It's a good time to be a malicious hacker. That's because even though it's not a time of revolutionary new techniques in hacking for profit, business is booming for the established methods. Despite increased investment in information security defenses, the good guys continue to lag badly behind. According to one report by Sophos, which called the recent uptick in -malware a "deluge," by April 2007, more than 250,000 websites were hosting malicious code and more than 8,000 were being added to that total every day.
A sample of the deluge:
Hackers compromised Google AdWords so that links on certain sponsored ads were redirected to the attackers' website first, where an attempt was made to install a keylogging bot.
Zero-day exploits in Windows were discovered, including a critical flaw in animated cursor files that would allow an attacker to commandeer a PC.
Incidents of iFrame malware--code that lives in an invisible-to-the-eye frame on a website and delivers bots onto the PCs of people visiting the site--have increased.
Credential-stealing bots like Gozi and Torpig continued to troll for personal banking information on infected computers.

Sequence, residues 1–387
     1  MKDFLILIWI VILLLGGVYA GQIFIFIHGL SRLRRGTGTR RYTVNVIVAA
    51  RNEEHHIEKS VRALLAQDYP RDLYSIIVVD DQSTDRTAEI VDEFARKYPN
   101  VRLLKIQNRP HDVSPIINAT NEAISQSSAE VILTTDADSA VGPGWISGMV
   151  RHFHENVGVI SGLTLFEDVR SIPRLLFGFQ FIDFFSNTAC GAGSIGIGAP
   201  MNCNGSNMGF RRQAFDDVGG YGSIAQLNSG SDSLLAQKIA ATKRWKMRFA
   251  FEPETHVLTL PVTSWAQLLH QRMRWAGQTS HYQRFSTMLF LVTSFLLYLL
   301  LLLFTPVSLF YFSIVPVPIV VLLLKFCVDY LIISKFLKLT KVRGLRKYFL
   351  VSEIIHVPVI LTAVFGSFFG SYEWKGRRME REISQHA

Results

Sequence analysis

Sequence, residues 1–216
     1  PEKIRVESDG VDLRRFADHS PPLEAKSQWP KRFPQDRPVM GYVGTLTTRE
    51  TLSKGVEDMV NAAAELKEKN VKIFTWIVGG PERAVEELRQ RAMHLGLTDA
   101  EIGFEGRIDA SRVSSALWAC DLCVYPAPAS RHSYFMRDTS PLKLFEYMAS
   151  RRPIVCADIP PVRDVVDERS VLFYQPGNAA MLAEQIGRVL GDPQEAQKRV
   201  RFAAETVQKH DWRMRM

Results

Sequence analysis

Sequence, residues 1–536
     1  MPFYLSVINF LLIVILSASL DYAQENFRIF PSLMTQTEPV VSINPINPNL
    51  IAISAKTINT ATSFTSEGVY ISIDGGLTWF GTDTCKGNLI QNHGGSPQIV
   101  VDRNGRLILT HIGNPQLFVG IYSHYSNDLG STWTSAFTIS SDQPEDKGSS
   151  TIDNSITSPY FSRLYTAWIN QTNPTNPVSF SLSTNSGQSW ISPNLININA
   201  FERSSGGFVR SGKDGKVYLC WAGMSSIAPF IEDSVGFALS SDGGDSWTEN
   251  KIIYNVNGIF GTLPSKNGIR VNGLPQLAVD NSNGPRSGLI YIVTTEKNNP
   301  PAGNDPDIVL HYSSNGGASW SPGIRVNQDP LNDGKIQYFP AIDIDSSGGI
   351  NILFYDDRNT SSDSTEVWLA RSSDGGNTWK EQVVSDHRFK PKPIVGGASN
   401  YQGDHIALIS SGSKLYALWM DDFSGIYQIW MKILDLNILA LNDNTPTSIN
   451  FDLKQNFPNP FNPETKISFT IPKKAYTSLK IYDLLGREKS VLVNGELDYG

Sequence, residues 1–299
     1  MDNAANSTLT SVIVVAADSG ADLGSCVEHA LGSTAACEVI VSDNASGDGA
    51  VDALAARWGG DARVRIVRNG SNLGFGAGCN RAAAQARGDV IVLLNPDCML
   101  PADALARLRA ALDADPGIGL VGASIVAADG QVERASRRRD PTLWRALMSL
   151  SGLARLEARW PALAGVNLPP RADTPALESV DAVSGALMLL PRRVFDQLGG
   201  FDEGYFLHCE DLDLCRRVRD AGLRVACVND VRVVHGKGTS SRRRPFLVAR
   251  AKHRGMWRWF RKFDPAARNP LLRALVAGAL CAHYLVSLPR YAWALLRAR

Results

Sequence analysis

A 17-year-old was charged with hacking into AOL, using a phishing scheme against AOL employees and using unauthorized instant messaging accounts, with the intent to transfer confidential data.
The only response for many information security professionals is to stay on top of the latest developments and prioritize response according to need. But that's getting harder to do with the sheer volume of information on new attacks.
Many are also met by apathy or skepticism when trying to shed light on the problems. "It is hard to discuss solutions when no one believes there is a problem," says Eric Hacker, a CISSP who works for a technology company. "The culture cannot mix security and business for whatever reason."
This story, "Hacking Is a Booming Business" was originally published by CSO.